Features & Technology
The G-Class is now available with most of the comfort, convenience and infotainment features available on the S-Class, making it truly the flagship SUV its price tag and presence always suggested it was. From the 12.3-inch COMAND display to the multi-mode massaging front seats, this is one certifiably opulent SUV. The fact that it’s one of the most customizable vehicles on the road (the color combinations are nearly endless) gives you the opportunity to specify the right amount of opulence for you.
New features that were not available in 2018 include forward-collision warning and automatic emergency braking, full-speed adaptive cruise control, lane-keeping assist, a driver inattention warning system, LED headlights, multi-mode on-road vehicle settings, multi-mode off-road vehicle settings (G 63), the latest COMAND system with a 12.3-in display and redundant rotary/touchpad controller, the 12.3-in all-digital instrument cluster, a Burmester sound system and a pair of easily accessible front cupholders in the center console. Progress!
The old G-Class was tippy, heavy and in no way reassuring around corners. The steering was too stiff at low speeds, overly vague and numb at higher speeds, and hesitant to return to center. It was, in short, archaic, and it must’ve been a major reason people thought twice about buying one.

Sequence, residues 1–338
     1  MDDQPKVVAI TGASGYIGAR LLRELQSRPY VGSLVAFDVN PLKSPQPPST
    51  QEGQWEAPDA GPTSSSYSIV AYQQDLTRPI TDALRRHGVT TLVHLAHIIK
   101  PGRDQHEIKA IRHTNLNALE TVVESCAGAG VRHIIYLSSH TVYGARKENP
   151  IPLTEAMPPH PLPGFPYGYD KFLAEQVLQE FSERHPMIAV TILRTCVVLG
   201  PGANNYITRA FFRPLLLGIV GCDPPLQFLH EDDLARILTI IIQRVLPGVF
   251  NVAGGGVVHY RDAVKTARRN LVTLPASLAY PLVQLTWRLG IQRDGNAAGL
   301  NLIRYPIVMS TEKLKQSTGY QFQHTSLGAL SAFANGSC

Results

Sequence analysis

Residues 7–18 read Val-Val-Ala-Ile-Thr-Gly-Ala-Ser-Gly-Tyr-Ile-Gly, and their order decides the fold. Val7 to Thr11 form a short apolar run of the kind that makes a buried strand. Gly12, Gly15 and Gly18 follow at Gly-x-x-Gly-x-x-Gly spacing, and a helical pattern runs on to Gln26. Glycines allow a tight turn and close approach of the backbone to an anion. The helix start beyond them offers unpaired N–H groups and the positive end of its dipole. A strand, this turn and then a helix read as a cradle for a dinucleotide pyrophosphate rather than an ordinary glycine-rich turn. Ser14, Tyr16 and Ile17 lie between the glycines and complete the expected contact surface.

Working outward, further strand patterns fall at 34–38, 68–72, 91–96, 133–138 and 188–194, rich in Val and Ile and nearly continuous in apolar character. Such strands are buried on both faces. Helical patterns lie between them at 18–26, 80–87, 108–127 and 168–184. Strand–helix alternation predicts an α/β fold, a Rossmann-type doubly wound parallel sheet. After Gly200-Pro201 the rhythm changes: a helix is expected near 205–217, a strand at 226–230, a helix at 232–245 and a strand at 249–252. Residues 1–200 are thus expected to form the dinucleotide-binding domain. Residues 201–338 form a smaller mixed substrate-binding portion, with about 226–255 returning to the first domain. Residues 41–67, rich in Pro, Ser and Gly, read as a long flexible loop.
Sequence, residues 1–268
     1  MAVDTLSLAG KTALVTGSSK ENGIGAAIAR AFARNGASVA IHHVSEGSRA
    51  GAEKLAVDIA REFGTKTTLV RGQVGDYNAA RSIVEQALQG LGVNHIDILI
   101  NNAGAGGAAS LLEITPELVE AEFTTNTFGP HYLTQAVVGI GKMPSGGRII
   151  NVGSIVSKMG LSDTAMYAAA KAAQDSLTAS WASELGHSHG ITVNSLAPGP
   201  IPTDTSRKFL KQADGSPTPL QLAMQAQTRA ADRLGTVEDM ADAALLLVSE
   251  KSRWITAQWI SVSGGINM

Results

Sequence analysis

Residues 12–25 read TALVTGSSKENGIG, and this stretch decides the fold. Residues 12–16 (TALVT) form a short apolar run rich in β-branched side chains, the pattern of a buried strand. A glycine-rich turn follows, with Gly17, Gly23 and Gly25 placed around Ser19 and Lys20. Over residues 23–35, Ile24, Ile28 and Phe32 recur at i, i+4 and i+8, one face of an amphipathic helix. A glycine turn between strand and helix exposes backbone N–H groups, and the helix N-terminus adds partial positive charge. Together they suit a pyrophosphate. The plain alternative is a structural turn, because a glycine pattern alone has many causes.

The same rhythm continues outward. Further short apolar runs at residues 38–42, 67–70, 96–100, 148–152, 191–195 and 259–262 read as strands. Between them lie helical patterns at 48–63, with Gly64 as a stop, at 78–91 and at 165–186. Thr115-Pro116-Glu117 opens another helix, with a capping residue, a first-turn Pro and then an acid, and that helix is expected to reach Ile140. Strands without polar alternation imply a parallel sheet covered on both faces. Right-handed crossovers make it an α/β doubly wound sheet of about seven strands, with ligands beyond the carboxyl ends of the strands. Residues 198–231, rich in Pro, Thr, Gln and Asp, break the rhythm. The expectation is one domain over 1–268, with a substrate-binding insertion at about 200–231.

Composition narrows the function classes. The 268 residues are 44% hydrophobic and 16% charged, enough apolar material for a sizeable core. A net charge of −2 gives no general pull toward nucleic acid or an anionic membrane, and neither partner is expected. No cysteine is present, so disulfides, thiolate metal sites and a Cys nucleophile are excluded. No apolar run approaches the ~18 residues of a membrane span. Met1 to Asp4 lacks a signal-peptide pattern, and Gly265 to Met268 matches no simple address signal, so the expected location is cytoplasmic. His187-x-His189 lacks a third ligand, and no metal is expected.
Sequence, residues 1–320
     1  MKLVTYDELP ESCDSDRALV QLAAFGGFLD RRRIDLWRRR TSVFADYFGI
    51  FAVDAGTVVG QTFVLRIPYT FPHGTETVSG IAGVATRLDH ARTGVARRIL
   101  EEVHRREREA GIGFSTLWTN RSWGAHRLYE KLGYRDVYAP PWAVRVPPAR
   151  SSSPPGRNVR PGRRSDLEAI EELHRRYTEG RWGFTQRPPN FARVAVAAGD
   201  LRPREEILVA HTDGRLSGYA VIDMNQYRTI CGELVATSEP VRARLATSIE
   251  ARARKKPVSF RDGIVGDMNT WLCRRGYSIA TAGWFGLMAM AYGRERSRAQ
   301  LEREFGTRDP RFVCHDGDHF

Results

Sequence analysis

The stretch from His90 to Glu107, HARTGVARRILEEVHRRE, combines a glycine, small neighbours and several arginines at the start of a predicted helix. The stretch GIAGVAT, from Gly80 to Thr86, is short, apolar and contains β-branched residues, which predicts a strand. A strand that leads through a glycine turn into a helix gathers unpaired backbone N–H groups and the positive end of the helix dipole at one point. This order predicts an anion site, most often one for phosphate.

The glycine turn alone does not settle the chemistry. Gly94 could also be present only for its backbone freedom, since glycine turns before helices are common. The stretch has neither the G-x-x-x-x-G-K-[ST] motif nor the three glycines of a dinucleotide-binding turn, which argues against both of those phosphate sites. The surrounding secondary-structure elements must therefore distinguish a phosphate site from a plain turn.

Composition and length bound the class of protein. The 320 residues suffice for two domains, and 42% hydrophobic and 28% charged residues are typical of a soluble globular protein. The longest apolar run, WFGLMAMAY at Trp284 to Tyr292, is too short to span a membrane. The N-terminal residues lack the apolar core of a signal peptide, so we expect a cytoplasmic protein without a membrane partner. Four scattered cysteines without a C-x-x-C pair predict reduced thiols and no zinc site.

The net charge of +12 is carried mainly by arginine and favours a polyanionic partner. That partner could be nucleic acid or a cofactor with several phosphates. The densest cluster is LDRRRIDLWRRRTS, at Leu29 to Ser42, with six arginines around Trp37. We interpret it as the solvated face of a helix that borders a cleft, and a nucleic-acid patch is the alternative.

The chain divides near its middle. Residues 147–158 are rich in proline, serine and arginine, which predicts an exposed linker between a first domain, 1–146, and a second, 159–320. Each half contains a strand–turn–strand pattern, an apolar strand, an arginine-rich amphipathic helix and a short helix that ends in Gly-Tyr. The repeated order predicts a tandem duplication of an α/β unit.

The new G still has a truck-based ladder frame and live rear axle suspension, it’s still 6-foot-4 and 5,350 pounds, and rides on all-terrain tires. However, the modernized steering and front suspension, plus the wider track, have contributed to a vastly improved driving experience. It really is night and day. Though it remains tippy and cumbersome compared to most other luxury SUVs, including the Mercedes-Benz GLS-Class, its on-road driving dynamics now seem like a purposeful trade-off made for off-roading prowess rather than the result of being engineered during the Carter Administration. We think those same people who thought twice before will probably accept that trade-off now.